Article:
TELNET protocol server
[ -Uhn ]
[ -D debug_mode ]
[ -K n ]
[ -N n ]
[ -k n ]
[ -u len ]
[ -debug ]
[ port ]
The telnetd command is a server which supports
the Internet standard TELNET virtual terminal
protocol. telnetd is invoked by the Internet
when it receives a request
to connect to the TELNET port
The options are as follows:
Cause telnetd to refuse
connections from addresses that cannot be mapped back into
a symbolic name via the
displays the system release, hostname, and terminal port prior
to the login prompt.
This option stops telnetd from
displaying this information.
Disable keepalive messages.
Used for debugging
purposes. This allows telnet to print out
debugging information to the connection, thus enabling the
user to see what telnetd is doing.
debug_mode can be one of the following:
Exercise client (not currently implemented).
Display the received data stream.
Print information about the negotiation of the
Display data passed to the pseudo-terminal.
Print the options information, as well as some
additional information about what processing is going on.
Specify the interval (in seconds) between keepalive probes if
no response is received.
Specify the number of unanswered keepalive probes that will be
sent prior to dropping the connection.
Specify the time (in seconds) that a connection must be idle
before the first keepalive probe will be sent.
size of the field in the utmpx structure that holds
the remote hostname. If the resolved hostname is longer than
len, the dotted decimal value will be used instead.
This allows hosts with long hostnames that overflow this field
to be uniquely identified. Specifying a length of 0 indicates
that only dotted decimal addresses should be put into the
telnetd manually, instead of through
If started up in this manner, port may be
specified to run telnetd on this alternate
TCP port number.
The telnetd command operates by allocating a
pseudo-terminal device for a client, thereby creating a
login process which has the slave side of the
pseudo-terminal serving as stdin,
stdout, and stderr.
telnetd manipulates the master side of the pseudo-terminal,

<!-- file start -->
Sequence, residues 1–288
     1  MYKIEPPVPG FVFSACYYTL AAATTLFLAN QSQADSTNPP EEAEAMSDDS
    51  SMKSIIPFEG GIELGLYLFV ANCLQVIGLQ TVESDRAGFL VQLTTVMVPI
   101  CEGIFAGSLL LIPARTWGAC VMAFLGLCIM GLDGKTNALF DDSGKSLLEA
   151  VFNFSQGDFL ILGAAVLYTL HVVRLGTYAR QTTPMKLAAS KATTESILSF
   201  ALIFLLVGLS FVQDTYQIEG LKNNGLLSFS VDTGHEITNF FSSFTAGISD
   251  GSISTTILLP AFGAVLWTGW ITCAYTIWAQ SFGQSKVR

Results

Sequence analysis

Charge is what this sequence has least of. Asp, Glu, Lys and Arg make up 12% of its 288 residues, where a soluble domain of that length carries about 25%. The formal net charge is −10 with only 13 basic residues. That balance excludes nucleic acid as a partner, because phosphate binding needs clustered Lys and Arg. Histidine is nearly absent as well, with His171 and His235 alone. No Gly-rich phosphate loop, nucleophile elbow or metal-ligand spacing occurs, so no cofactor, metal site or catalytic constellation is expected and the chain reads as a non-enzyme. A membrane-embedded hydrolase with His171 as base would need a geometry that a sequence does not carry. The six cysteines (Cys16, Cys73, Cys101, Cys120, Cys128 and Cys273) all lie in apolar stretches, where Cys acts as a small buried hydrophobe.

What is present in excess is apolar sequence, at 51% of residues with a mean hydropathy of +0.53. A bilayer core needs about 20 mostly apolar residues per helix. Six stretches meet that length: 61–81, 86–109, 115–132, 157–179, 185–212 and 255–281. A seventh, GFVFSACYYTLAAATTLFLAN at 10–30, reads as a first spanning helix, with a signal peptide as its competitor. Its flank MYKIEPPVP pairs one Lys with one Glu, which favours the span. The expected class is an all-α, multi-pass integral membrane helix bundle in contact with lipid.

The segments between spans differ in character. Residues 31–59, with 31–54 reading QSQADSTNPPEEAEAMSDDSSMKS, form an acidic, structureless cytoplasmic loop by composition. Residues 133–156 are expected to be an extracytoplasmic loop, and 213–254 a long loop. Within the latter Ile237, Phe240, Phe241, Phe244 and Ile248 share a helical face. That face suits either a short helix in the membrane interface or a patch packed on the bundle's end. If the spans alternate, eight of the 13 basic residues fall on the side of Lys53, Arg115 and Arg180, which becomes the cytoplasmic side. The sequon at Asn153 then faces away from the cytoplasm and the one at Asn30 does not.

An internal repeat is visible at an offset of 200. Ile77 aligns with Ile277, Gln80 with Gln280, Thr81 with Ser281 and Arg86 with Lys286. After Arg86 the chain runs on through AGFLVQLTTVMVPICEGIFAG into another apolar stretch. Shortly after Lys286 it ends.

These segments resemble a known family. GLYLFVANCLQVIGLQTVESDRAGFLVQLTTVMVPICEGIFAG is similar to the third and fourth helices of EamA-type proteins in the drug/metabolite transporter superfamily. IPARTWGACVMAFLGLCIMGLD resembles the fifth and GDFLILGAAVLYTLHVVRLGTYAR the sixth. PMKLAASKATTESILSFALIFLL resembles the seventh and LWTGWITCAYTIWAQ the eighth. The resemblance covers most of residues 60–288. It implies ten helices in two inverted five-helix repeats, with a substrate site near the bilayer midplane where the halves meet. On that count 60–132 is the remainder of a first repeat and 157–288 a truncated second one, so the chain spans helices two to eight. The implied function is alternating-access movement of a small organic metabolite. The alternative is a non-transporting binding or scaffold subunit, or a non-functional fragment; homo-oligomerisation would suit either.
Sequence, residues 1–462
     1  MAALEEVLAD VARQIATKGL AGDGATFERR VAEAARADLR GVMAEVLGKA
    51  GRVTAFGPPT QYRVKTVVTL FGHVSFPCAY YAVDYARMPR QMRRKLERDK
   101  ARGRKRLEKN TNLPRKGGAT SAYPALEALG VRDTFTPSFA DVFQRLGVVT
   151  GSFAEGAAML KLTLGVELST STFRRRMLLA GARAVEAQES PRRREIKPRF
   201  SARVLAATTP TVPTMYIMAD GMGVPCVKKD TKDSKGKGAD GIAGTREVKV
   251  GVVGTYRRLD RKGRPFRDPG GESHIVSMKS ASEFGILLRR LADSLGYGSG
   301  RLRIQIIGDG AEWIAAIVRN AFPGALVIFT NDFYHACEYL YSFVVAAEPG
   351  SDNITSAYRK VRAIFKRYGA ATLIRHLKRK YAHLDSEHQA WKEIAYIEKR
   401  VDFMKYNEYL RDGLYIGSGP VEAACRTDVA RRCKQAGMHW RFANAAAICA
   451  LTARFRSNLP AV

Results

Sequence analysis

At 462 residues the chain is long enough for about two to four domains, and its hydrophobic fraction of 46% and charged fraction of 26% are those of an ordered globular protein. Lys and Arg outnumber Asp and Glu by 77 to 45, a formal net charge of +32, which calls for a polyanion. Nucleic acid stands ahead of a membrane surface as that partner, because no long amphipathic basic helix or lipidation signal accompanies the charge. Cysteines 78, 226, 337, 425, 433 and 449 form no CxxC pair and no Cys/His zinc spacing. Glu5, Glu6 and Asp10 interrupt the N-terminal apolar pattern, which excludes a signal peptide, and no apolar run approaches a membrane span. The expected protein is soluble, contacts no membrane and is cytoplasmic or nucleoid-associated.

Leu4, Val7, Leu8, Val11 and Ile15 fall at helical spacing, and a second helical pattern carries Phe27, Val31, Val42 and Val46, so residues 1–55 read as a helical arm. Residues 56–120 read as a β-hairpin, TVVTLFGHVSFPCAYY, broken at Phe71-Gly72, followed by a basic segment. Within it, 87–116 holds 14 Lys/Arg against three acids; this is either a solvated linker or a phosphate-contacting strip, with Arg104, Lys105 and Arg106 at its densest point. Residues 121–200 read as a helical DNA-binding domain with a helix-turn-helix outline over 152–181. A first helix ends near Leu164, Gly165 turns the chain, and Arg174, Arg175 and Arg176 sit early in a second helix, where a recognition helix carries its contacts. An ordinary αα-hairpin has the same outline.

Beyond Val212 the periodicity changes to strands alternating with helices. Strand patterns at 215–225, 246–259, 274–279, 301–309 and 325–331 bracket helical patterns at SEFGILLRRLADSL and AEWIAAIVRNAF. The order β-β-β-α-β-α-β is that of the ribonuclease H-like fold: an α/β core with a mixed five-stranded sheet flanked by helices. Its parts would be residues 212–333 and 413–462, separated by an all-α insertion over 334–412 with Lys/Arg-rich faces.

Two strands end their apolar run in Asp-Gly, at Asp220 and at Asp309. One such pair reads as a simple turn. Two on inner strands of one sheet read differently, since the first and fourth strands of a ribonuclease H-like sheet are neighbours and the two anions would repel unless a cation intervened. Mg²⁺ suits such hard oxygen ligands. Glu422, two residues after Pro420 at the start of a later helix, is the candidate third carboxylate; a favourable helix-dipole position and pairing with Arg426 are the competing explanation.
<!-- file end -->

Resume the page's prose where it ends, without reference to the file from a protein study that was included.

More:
implementing the TELNET protocol and parsing characters
between the remote client and the login process.
When a TELNET session is started up,
telnetd sends TELNET options to the
client side, indicating a willingness to:
If the remote client is willing, the remote terminal type
will be propagated to the environment of the created login
process. The pseudo-terminal allocated to the client will
be configured to operate in ``cooked'' mode, with
TAB3 and ICRNL enabled
do remote echo of characters
suppress go ahead
do remote flow control
receive terminal type information
receive terminal speed information
receive window size information from the remote client
The telnetd command is willing to do:
echo, binary, suppress go ahead,
and timing mark.
The telnetd command is also willing to have the
remote client do: binary,
terminal type, terminal speed,
window size, toggleflow control,
environment, Xdisplay location, and
suppress go ahead.
Transport-level keepalive messages are enabled unless the
-n option is present.
The use of keepalive messages allows sessions to be timed out
if the client crashes or becomes unreachable.
The default keepalive values corresponding to the -K,
-N and -k options
are controlled by the parameters
tcp_keepidle (7200 seconds),
tcp_keepintvl (75 seconds), and
These can be tuned on a system-wide basis using
These options exist solely to provide finer control of
keepalives on a per-application basis.
configuration file for inetd
Internet services list
Some TELNET commands are only partially
Because of bugs in the original 4.2 BSD
version of telnet,
telnetd performs some unreliable protocol exchanges
to try to discover if the remote client is, in fact, a 4.2
Binary mode has no common interpretation except between
similar operating systems (UNIX in this case).
The terminal type name received from the remote client will be
converted into lowercase.
telnetd never sends TELNET
go ahead commands.
© 2004 The SCO Group, Inc. All rights reserved.
UnixWare 7 Release 7.1.4 - 25 April 2004